In honor of the Month of the Military Child, I present an essay written for a Reader’s Digest Contest in 1991 by our daughter, Sheri Lynn. Children were asked to address their feelings about family values, thoughts on life, what their mom and dad did at work and what they wanted to be when they were grown. Sheri did not win the contest, but she certainly melted our hearts. Steve carried a copy of this with him wherever he went. I found it yellowed and creased in his wallet when his personal items were returned to me the day after he died.
About my Bukowski Family
By Sheri Lynn Bukowski – Age 7
My mommy can do almost everything except throw a mouse away when it’s on a sticky thing and except when daddy’s home, because then she pretends she can’t do everything so he can. My daddy knows this secret.
My mommy and daddy probably know as much as God does, but mommy says they don’t because they’re just a mom and dad and we all, even mommies, learn something new every day. Also, we’re not supposed to put people on pedestals because we are all equal. I don’t know about that because I don’t think anybody is equal to my daddy. Mommy says pedestals are “thinking” things, and we should all try to be nice and say we’re sorry when we’re not nice. I suppose it’s like when she goes crazy and yells at everybody, even the dogs, and then says, “I don’t know what I was thinking.”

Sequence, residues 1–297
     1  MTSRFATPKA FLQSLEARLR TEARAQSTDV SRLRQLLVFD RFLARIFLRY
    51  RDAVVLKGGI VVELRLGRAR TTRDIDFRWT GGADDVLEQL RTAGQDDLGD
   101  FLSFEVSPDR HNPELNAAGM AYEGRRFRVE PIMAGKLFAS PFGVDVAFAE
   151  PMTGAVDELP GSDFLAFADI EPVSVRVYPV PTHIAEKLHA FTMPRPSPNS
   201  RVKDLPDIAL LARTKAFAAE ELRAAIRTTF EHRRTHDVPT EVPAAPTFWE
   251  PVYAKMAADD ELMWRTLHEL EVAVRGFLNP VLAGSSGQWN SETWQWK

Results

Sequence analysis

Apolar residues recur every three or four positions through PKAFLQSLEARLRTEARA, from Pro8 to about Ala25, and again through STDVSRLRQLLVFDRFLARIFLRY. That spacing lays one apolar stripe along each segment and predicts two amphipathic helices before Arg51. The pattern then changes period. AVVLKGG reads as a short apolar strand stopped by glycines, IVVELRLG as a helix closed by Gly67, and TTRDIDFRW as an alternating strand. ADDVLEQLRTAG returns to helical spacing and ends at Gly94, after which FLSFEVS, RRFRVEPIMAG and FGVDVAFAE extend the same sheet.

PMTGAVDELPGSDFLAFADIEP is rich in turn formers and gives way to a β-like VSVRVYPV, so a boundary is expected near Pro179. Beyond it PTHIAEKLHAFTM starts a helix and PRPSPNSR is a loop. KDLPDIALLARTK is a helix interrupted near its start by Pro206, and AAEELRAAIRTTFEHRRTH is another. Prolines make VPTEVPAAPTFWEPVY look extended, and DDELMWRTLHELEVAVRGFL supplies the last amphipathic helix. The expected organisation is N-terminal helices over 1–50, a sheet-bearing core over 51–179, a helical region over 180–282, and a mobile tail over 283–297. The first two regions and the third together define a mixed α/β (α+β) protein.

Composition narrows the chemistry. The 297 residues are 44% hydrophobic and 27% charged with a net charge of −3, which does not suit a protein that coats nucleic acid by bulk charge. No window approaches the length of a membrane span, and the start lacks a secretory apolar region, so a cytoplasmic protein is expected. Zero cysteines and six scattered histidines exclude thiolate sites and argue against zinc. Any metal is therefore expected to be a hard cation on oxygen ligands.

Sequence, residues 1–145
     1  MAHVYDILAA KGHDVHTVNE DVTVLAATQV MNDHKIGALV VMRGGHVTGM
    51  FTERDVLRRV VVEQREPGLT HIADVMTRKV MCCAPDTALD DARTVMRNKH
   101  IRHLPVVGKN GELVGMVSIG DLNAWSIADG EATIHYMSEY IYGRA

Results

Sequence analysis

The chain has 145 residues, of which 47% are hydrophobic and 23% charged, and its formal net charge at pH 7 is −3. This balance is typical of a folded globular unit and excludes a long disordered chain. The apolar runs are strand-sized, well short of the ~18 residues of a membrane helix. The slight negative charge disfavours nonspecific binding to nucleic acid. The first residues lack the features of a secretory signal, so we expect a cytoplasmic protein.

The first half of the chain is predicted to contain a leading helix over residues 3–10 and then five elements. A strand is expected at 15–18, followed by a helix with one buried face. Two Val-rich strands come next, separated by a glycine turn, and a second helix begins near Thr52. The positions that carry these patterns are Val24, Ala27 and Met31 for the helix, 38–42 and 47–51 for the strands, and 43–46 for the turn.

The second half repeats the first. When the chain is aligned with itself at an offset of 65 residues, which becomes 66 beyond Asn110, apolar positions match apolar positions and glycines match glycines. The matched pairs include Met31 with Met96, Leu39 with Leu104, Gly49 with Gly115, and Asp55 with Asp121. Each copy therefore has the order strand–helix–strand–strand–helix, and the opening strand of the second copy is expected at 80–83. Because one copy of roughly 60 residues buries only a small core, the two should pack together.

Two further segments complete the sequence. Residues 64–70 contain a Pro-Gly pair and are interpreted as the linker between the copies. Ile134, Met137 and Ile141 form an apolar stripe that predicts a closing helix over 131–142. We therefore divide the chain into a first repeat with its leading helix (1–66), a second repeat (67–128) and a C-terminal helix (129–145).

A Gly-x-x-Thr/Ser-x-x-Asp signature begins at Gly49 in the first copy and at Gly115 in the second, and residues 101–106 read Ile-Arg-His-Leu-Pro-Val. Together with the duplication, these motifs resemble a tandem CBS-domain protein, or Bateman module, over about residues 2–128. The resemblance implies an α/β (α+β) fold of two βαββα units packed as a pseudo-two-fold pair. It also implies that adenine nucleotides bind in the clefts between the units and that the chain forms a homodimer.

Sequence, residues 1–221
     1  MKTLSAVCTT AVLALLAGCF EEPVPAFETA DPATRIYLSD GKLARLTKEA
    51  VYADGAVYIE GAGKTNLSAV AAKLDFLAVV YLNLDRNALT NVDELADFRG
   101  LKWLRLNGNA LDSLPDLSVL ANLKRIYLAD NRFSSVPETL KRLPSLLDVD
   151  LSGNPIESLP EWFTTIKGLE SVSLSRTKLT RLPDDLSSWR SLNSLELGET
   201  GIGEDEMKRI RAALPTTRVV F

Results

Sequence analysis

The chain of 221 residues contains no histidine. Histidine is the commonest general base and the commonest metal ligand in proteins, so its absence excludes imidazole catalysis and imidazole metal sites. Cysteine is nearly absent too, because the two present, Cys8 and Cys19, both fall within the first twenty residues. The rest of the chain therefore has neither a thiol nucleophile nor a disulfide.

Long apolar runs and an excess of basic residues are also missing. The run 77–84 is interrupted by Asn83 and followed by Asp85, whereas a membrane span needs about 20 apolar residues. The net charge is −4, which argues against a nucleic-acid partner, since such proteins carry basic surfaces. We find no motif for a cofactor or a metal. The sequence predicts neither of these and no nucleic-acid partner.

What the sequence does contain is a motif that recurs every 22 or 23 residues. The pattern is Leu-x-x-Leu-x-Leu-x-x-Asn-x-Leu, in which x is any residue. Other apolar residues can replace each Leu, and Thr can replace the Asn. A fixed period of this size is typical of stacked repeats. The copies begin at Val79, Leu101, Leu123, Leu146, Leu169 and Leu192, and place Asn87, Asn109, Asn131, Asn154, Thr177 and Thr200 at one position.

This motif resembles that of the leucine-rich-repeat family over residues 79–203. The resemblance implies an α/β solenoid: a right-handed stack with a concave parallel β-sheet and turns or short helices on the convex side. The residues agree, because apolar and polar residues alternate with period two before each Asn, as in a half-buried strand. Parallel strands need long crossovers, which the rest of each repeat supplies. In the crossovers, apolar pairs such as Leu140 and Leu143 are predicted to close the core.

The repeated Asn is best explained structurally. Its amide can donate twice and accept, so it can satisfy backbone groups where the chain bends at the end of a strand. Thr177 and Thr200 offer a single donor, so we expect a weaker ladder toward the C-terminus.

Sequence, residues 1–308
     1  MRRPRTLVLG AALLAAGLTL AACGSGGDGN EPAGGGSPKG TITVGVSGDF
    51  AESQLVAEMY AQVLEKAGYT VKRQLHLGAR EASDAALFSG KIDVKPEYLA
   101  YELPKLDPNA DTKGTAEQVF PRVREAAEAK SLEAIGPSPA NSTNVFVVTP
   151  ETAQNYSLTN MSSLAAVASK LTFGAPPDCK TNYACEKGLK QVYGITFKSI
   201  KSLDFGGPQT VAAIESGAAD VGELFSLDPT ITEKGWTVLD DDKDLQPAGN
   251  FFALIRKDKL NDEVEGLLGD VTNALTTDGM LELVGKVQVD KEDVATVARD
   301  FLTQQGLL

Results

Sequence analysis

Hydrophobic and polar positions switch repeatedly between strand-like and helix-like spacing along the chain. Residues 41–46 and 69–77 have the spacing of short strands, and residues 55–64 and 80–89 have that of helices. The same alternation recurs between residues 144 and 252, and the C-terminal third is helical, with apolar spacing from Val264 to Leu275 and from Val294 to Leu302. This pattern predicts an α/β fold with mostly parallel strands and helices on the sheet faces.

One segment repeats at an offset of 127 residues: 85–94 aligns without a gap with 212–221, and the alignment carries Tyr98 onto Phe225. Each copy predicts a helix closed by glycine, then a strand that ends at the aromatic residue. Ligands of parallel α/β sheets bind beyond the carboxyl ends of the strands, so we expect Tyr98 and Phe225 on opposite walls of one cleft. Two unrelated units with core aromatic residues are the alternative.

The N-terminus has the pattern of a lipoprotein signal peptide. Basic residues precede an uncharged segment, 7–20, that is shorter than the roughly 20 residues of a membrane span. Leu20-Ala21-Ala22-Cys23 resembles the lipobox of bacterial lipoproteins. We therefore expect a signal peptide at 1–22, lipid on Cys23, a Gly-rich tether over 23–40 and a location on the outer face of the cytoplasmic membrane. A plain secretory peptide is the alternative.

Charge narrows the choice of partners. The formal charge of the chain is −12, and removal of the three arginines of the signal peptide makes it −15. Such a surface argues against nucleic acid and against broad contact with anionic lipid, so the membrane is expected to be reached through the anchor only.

I think a pedestal is a wooden box. I think it must hurt really bad to fall off so I will never put myself on a pedestal. My brother says mommy and daddy don’t know anything about nothing. He’s 10. I think he should fall off a pedestal.
My mommy tells us we should talk to and listen to people every day if we can because every person and every day is important. Mommy says this includes my three year old foster brother, even if he is a pain.
My daddy always says, “Never give up!” And my mommy always says, “How do you know if you don’t try?” Sometimes I really, really hate my parents because they make me do stupid things like wash my face and wear dresses. Daddy says it’s okay because he will always love me anyway. Mommy says it’s not nice to hate but I can not like her if I want. I hate Philip, the boy who sits next to me at school, but I’m trying not to like him.
My daddy works in the Navy SEAL Team and does things that only special daddies like him can do. He knows how to jump out of airplanes and shoot loud guns and dive under ships and crab-crawl through jungles and climb rock walls. When he’s home we crab-crawl through the back yard and climb rocks and jump on the trampoline and he lets me wear green makeup on my cheeks, but mostly he’s gone and he writes us letters.
I think you have to know how to be lonely for your family and to write letters to be a Navy SEAL. I love my daddy more because I think he needs it.
My mommy used to work at a place writing things for attorneys because attorneys don’t know how to write like she does. We had a nanny from Denmark named Hella, like hello except with an A. Now mommy stays at home and gets her story money from the mailbox. She works as a mommy for free because she loves us and because she takes care of us and sick babies and helps mommies and daddies of foster children to know how to love when they have sad hearts or angry feelings. Mommy says she has enough love and I believe her, so it’s okay that I love daddy a little more since he’s alone a lot.
When I grow up I will probably be a Navy SEAL and a dancer. I will try to be a nice person and watch out for pedestals. I will also probably be a gymnastics girl in the Olympics because I’m pretty good so far.
If I win, will you please send this to my daddy. Mommy knows the address.
Sheri Lynn Bukowski © 1991